16. RioHN

    RioHN Registered Member

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    IPFire is a free linux based firewall so will need to be installed like a seperate OS: https://www.ipfire.org. It seems to run well in Oracle VirtualBox which is also free.

    For temporary testing purposes I've now added a low power netbook running IPFire into the mix:
    Windows 7 -> IPFire (VM) -> IPFire (netbook) -> Router -> Internet

    I only have the one Win7 PC running through it but it seems to run perfectly well on an intel atom, 2gb RAM netbook. The only downside being reduced bandwidth due to a USB to ethernet adapter.

    Gatekeeper watches for connection attempts (SYN) and can see the PID which initiated the connection attempt so can identify the process and path (barring some shady rootkit interference). It needs to run from the windows machine in order to know which process initiated the connection. If you absolutely had to monitor from a seperate VM you may need to go down the VM introspection route, but I know very little about that.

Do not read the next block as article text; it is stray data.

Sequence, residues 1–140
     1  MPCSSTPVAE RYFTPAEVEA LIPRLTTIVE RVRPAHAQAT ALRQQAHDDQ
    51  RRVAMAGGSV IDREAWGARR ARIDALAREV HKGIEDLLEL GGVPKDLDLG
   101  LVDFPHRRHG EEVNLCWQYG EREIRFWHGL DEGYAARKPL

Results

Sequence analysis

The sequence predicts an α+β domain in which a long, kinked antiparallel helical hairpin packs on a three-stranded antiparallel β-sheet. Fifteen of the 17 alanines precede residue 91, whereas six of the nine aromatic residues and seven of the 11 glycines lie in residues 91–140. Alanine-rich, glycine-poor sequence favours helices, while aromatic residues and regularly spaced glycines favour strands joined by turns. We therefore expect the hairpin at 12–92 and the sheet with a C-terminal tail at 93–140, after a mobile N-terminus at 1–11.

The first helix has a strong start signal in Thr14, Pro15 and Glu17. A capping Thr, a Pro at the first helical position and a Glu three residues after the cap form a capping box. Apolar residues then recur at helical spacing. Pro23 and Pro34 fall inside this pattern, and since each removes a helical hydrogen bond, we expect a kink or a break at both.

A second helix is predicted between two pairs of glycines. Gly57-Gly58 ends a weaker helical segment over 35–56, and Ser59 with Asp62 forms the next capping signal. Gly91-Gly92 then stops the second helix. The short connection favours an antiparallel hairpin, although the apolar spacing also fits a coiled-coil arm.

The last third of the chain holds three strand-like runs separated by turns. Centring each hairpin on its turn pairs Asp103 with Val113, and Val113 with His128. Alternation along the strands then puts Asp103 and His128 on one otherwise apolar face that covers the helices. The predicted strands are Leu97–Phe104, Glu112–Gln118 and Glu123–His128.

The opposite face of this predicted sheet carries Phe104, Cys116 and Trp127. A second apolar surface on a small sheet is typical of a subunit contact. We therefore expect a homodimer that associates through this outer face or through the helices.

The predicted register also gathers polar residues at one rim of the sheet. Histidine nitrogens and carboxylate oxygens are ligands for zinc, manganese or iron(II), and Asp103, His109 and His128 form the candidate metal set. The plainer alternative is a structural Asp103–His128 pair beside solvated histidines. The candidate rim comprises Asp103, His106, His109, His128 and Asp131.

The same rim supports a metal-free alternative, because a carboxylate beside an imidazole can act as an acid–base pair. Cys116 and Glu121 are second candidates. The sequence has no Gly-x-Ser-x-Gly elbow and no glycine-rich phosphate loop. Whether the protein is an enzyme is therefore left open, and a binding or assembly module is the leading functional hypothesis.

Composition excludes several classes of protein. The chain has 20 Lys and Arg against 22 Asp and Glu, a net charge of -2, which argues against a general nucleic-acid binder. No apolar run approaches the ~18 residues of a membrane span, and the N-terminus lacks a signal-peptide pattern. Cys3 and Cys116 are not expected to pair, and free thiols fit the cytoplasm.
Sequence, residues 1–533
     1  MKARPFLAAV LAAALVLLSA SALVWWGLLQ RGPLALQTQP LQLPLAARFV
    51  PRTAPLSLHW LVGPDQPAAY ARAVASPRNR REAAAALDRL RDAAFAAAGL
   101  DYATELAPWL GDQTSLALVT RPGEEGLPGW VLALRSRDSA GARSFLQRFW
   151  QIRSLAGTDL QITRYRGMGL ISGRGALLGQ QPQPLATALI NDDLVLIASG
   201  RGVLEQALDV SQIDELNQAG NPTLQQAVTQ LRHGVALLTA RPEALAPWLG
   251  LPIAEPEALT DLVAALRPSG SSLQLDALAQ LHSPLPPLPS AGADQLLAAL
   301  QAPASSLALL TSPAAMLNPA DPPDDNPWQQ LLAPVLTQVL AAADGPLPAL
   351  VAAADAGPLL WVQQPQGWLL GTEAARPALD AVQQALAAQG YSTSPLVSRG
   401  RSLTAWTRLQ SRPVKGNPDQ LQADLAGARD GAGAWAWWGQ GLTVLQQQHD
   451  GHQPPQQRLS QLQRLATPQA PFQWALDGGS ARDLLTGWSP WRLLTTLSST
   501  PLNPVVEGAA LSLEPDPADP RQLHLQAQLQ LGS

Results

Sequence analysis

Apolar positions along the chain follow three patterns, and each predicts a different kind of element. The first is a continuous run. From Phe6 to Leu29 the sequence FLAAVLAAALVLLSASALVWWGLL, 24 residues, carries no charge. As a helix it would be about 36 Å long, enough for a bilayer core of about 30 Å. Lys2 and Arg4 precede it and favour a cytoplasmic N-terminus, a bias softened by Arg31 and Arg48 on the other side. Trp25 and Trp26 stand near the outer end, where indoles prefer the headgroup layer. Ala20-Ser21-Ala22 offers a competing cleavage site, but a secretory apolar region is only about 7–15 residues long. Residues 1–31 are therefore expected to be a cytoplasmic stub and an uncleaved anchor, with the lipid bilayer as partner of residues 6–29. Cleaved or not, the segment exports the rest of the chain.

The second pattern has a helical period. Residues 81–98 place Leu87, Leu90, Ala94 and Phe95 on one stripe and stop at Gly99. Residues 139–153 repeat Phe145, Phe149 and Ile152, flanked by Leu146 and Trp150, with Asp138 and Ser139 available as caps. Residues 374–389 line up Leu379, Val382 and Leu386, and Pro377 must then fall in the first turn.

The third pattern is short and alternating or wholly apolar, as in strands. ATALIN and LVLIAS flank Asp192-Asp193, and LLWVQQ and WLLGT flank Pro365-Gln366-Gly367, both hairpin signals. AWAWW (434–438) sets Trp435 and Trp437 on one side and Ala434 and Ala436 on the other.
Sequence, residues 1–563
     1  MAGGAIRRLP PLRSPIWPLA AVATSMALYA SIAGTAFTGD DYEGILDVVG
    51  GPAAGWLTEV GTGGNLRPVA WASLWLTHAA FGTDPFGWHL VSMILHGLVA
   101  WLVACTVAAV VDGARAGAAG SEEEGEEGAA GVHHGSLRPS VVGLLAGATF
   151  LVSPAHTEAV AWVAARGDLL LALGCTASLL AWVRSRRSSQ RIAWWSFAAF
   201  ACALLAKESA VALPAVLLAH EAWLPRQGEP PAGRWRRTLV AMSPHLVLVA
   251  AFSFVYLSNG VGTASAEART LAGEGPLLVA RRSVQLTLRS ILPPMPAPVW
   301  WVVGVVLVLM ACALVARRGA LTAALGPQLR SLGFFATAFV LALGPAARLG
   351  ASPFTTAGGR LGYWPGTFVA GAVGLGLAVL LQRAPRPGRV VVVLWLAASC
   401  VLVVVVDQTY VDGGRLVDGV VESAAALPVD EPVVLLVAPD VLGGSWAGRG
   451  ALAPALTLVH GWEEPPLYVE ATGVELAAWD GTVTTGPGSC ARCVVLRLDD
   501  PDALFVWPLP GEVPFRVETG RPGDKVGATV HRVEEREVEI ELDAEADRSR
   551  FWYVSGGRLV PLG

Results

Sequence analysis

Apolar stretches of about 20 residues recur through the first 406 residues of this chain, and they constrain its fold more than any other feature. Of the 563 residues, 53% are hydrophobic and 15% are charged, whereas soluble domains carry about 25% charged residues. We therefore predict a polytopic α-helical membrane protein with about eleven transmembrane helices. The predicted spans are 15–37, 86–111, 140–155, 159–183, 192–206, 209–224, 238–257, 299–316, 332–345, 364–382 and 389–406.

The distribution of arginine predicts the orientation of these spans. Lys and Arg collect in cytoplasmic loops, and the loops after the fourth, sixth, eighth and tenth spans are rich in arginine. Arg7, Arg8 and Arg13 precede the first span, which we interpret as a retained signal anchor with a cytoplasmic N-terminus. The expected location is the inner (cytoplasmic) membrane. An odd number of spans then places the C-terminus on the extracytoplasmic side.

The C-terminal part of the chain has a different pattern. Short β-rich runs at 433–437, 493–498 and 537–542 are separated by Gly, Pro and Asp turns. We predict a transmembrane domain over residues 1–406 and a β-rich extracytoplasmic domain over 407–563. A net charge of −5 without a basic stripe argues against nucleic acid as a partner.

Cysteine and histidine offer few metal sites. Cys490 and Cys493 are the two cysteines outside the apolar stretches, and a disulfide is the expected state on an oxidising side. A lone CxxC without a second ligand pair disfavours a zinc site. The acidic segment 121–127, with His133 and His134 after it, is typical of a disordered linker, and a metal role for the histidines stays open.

17. lucd

    lucd Registered Member

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    @RioHN So you are putting this VM seperataly as an usb, and windows connects to it via ethernet, so work on windows, network protection in vm on separate device, can you show me what device you are using for ip fire, I've never done that, its some gatheway yes

    my plan was to build a small pc from my old components and install pfsense and snort, that sort of setup I understand, though it entails its trials and tribulations